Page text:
Three years after the Toronto sign’s original installation, a Medicine Wheel was added to increase awareness of National Indigenous Peoples Day in June of 2018, and it’s remained ever since.
While the Toronto sign itself was never meant to be permanent, it’s become a mainstay at Nathan Phillips Square, lighting up different colours to represent events and dates throughout the year.
Prior to the installation of the Medicine Wheel, a maple leaf was installed at one end for Canada’s 150th celebration in 2017. Before that, the letters stood on their own. The City of Toronto consulted with Toronto Council Fire Native Cultural Centre in choosing the Medicine Wheel.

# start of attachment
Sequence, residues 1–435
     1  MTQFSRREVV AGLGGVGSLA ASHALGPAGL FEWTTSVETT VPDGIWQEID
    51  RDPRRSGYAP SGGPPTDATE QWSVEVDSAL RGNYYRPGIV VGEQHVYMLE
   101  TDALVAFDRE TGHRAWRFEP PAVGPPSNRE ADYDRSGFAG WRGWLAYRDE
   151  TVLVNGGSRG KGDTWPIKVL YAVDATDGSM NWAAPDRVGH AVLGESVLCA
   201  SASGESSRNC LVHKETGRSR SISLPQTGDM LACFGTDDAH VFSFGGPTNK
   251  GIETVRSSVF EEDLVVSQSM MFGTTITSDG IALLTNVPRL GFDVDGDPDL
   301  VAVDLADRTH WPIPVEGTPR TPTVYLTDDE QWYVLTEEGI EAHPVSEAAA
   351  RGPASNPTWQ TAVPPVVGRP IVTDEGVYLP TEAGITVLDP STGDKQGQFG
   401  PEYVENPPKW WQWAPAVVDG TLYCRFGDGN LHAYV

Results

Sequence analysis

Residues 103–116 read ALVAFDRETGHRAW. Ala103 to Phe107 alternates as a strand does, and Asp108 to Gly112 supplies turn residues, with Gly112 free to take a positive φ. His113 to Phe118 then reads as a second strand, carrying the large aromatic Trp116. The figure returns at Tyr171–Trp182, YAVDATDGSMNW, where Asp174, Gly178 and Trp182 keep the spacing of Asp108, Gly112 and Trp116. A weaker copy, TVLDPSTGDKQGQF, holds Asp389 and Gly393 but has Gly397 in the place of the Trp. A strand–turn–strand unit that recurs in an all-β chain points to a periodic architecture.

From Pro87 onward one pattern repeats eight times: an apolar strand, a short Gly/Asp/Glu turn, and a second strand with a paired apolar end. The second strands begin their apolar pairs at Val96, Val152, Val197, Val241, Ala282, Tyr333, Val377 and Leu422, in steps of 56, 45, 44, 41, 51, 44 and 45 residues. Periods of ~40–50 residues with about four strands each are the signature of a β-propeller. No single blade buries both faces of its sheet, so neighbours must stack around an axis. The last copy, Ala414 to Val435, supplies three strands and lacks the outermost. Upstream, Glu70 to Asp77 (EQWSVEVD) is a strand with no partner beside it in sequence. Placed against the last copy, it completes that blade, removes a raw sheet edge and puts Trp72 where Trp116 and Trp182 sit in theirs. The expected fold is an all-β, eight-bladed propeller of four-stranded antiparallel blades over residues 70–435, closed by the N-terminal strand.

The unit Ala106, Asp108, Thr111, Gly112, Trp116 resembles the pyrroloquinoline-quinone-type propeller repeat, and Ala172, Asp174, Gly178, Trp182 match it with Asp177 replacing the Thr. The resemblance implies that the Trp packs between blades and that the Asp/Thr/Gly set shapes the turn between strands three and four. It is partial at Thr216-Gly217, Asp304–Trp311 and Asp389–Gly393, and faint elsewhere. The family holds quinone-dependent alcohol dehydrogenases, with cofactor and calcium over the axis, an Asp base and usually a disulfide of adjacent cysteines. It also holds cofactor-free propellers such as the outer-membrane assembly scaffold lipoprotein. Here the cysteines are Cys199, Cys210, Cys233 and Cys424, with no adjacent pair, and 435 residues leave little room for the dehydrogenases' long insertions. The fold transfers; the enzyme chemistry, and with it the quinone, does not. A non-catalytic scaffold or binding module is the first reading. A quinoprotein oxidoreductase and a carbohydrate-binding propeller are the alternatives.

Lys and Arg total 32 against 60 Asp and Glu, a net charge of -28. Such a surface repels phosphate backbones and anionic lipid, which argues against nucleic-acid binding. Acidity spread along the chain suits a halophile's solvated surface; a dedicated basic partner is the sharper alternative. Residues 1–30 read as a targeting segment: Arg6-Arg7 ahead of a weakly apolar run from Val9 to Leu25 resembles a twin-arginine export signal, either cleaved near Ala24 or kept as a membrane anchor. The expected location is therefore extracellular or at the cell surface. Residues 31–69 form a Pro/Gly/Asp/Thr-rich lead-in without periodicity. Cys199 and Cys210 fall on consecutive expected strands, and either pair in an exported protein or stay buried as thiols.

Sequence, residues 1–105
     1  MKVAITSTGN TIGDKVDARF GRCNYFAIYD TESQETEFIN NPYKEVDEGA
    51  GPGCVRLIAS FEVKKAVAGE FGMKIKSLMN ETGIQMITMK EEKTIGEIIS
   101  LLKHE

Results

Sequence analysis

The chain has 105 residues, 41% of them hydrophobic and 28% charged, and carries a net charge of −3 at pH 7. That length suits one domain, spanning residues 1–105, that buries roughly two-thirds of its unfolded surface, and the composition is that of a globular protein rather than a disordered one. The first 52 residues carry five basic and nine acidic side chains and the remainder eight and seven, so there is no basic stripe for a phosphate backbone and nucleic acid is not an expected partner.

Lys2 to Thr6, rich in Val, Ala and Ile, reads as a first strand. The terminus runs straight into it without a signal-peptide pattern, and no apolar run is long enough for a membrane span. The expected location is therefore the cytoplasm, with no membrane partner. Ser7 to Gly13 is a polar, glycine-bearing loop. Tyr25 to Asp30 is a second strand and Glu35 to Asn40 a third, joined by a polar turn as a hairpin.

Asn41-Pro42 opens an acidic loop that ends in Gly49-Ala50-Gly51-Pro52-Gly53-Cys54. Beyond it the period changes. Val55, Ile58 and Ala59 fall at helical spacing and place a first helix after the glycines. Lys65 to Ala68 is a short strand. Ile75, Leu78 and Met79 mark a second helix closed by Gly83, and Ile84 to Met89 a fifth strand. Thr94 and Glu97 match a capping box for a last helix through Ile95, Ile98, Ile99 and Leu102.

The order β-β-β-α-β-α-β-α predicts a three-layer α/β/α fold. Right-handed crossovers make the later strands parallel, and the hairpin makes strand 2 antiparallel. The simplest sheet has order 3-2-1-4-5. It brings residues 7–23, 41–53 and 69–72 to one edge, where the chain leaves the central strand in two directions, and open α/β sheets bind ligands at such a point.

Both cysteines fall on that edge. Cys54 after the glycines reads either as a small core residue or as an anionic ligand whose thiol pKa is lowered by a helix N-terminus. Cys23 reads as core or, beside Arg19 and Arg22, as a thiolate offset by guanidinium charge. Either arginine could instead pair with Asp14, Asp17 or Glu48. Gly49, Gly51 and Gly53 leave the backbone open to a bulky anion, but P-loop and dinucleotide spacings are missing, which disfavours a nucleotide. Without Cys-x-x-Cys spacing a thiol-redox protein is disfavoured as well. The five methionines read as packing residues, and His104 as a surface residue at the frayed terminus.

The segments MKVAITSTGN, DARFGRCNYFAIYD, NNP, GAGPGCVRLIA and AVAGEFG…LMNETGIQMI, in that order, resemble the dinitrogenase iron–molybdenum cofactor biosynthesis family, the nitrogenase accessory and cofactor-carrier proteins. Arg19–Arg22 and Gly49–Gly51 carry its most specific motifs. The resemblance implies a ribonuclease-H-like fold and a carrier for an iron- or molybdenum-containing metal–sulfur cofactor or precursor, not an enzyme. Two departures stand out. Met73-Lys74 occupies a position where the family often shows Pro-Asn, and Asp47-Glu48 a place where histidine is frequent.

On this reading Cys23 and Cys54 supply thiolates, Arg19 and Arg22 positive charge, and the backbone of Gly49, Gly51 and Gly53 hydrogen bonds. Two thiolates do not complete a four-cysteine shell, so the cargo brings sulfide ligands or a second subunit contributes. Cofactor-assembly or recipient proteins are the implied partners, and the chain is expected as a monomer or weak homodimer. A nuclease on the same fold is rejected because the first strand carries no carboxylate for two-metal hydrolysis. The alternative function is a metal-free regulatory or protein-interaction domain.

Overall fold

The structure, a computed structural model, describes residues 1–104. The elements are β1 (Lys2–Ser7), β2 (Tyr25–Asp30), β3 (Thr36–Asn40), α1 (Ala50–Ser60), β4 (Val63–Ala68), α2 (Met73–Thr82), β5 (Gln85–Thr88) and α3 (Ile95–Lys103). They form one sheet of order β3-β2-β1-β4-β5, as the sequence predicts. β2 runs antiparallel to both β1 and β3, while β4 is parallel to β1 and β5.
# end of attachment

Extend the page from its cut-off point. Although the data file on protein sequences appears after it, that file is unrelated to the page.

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The Medicine Wheel has four different colours, representing different directions: North, East, South and West. The Medicine Wheel holds different meaning across different Indigenous groups.
“Its four directions (East, South, West and North) symbolize completeness, wholeness, connectedness and strength,” according to the City’s website.
In honour of the National Day for Truth and Reconciliation on September 30, the Toronto sign will be lit up orange.